Two fraud cases that sent shock waves through the world of photography are helping to trigger a revolution in photo conservation science, according to the cover story in the current edition of Chemical & Engineering News. C&EN is the weekly newsmagazine of the American Chemical Society, the world's largest scientific society.
Sarah Everts, C&EN European correspondent, explains that the prestige and prices of photographs -- long dismissed by the art establishment as a second-tier medium -- began to rival those of paintings and sculptures in the 1980s. Collectors began paying hundreds of thousands of dollars and even up to $1 million for vintage and contemporary photographs. Fraud cases appeared in parallel with that rise in popularity.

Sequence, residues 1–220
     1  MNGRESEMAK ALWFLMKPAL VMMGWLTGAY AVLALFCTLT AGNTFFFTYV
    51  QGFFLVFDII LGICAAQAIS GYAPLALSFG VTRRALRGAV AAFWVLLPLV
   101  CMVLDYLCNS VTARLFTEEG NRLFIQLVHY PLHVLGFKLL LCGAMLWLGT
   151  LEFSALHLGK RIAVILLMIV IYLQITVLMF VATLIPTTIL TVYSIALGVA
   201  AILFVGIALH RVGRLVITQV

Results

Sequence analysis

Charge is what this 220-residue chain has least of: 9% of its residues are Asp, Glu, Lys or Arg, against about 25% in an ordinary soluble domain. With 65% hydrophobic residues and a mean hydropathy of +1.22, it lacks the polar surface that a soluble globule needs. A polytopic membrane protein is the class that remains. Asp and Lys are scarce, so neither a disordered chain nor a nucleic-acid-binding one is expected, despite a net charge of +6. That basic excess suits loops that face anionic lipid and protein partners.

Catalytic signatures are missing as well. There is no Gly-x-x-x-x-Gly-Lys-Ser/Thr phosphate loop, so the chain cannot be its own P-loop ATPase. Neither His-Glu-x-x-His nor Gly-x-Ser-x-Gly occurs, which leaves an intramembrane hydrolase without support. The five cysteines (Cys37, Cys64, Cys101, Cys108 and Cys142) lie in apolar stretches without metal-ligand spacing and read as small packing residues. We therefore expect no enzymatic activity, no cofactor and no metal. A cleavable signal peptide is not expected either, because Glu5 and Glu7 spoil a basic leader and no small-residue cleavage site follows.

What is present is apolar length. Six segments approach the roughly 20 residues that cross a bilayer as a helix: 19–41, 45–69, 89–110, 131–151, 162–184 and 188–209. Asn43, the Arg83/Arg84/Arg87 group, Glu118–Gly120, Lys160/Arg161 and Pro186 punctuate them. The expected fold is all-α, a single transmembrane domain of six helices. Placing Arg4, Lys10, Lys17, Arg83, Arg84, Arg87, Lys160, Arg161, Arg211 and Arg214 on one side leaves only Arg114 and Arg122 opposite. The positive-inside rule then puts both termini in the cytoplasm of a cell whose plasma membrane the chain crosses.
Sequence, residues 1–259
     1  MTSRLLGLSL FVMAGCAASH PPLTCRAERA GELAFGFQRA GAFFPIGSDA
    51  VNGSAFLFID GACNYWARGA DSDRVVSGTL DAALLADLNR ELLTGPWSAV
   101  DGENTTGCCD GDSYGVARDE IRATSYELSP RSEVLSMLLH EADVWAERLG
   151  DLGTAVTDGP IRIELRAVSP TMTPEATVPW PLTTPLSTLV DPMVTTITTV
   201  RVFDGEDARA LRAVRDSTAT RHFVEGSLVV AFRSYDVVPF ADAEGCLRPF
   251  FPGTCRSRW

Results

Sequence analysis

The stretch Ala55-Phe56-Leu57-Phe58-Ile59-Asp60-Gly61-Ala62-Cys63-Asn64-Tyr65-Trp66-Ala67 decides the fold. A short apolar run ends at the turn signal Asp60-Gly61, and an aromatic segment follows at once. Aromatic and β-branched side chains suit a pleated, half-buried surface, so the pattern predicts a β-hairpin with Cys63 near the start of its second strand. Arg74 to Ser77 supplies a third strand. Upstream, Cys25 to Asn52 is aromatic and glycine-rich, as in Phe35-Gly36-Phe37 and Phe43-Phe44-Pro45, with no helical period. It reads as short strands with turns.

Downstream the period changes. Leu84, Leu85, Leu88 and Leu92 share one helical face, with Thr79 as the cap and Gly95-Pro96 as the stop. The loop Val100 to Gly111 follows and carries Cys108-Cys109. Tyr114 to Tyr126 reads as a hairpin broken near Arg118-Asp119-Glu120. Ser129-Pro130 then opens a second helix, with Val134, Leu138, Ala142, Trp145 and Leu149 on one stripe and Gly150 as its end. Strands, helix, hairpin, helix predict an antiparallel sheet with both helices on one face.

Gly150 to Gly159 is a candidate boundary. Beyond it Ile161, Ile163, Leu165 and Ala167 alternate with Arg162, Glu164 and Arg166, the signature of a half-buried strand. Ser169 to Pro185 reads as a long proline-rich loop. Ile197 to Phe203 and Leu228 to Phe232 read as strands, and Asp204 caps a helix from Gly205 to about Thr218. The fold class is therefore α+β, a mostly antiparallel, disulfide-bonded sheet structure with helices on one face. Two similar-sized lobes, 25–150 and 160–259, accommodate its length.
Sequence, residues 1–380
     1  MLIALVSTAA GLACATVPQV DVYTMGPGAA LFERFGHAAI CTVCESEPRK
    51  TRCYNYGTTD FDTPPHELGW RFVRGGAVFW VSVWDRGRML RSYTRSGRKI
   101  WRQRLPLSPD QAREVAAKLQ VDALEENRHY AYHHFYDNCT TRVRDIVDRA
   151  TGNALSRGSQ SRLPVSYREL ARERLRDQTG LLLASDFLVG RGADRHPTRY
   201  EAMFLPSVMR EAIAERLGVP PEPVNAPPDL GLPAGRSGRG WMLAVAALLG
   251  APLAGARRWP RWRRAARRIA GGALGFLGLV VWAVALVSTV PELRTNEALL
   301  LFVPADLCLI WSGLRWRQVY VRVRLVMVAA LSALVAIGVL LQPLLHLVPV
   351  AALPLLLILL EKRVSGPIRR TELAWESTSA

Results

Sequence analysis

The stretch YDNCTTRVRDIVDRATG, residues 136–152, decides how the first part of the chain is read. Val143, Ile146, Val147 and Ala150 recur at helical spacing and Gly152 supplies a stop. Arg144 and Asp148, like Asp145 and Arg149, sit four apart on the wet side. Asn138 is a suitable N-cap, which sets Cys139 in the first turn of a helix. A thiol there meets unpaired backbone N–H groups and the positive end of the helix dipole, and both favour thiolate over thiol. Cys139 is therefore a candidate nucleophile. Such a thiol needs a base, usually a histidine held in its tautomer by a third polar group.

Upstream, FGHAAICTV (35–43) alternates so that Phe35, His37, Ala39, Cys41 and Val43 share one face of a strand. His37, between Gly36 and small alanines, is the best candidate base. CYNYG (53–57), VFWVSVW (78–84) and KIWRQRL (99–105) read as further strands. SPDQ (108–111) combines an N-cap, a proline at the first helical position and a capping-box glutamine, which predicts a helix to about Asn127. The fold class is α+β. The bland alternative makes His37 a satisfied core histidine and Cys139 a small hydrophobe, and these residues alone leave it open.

The article describes those cases, and explains how they led to million-dollar settlements that helped stimulate photo conservation research, transforming a niche field into what is now a mature science. Those conservation efforts embrace everything from family snapshots to priceless masterpieces, the article points out.
The American Chemical Society is a nonprofit organization chartered by the U.S. Congress. With more than 163,000 members, ACS is the world's largest scientific society and a global leader in providing access to chemistry-related research through its multiple databases, peer-reviewed journals and scientific conferences. Its main offices are in Washington, D.C., and Columbus, Ohio.
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